President Biden’s $2.3 trillion infrastructure plan has many economists excited for a return of old-school Keynesian splurging. “Fiscal policy is back,” Nobel laureate Joe Stiglitz cheered. “That will create more demand and that should give people more confidence to invest.” But economic growth—which even Mr. Stiglitz would likely agree is the best way to fight poverty—comes down to supply, not demand. And the Biden plan could stifle the innovation that drives it.

Whether public or private, spending doesn’t cause growth. Mr. Stiglitz and his allies have it backward: Consumption is downstream from production. Growth is about increasing the supply of goods over time; you can’t spend if the goods haven’t been produced. Production grows as technology and production processes improve. Such improvement requires saving and investing rather than consuming.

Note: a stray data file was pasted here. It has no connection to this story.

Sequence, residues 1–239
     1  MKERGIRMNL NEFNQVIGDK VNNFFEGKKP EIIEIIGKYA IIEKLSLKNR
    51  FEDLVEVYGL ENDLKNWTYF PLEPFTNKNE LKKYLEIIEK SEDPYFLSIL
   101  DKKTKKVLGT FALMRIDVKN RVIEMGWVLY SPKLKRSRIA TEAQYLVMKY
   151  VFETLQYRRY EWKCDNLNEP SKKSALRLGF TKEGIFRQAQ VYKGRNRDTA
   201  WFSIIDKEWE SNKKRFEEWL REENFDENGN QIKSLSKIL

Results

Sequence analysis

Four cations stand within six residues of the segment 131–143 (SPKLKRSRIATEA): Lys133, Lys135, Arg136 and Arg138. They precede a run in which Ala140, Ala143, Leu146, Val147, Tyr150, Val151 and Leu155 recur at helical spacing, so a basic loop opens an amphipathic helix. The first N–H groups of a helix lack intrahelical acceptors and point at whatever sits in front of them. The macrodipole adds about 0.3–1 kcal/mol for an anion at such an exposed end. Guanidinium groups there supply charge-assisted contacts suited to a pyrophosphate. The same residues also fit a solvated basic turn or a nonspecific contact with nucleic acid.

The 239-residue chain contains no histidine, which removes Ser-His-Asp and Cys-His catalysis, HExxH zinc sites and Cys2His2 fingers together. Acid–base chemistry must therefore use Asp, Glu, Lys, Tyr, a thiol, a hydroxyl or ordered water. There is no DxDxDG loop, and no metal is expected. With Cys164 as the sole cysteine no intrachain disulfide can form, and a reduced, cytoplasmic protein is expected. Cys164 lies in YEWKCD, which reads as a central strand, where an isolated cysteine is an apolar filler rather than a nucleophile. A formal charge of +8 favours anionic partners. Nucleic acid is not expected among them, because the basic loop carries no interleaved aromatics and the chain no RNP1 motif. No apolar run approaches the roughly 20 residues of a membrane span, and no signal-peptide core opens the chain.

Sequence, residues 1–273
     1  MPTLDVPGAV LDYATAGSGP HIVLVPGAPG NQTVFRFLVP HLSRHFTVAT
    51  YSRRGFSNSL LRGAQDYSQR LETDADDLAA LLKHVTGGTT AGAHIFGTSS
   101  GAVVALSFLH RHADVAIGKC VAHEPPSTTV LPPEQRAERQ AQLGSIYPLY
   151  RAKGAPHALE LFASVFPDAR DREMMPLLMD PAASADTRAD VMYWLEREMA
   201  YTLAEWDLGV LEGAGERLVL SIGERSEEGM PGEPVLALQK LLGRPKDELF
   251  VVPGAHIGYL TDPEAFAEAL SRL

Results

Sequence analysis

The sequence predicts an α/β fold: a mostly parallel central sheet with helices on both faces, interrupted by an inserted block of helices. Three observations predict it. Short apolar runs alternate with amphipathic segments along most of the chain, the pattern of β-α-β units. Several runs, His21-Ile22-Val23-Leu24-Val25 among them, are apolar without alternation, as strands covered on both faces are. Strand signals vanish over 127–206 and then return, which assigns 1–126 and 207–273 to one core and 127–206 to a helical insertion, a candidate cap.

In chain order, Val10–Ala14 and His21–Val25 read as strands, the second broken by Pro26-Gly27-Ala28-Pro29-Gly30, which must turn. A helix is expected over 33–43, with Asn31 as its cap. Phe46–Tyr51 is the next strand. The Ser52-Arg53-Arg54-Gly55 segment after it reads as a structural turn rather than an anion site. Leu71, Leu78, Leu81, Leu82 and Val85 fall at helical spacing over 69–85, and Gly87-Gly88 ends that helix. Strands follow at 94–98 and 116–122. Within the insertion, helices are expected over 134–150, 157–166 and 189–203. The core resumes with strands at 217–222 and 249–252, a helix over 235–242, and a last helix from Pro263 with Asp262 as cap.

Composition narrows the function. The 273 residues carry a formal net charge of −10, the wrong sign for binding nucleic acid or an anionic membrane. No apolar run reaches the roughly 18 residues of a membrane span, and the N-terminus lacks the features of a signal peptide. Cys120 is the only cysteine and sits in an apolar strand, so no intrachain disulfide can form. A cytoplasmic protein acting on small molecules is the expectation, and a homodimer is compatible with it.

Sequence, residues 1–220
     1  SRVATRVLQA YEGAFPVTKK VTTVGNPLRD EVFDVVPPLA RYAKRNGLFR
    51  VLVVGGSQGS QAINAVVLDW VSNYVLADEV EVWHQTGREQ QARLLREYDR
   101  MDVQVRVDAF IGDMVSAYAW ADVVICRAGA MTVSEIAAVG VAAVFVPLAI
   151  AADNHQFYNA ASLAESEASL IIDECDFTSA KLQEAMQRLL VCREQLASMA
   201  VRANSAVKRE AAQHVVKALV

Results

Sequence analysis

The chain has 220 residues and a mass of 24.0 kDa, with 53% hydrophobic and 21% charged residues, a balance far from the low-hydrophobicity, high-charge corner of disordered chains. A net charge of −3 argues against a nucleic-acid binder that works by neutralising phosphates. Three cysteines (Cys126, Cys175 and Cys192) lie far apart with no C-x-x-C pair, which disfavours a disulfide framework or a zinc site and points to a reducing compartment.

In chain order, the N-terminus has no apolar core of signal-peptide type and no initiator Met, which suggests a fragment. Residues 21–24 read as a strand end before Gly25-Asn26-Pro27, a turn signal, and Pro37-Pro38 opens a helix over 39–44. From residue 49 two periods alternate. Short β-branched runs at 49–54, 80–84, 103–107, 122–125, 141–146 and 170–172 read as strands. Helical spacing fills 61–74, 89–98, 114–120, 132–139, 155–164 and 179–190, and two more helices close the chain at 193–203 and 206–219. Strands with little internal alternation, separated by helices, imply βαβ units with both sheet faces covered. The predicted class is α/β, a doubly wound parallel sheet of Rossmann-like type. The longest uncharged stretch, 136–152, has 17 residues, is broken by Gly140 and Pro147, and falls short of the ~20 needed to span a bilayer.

The early details on Mr. Biden’s infrastructure plan aren’t promising in terms of incentives for saving and investment. The bill includes significant tax increases on corporations, which would also hurt households and investors. The president and his team deserve credit for attempting to pay for the plan. But raising taxes, especially on businesses, weakens incentives to invest. The result is lost growth.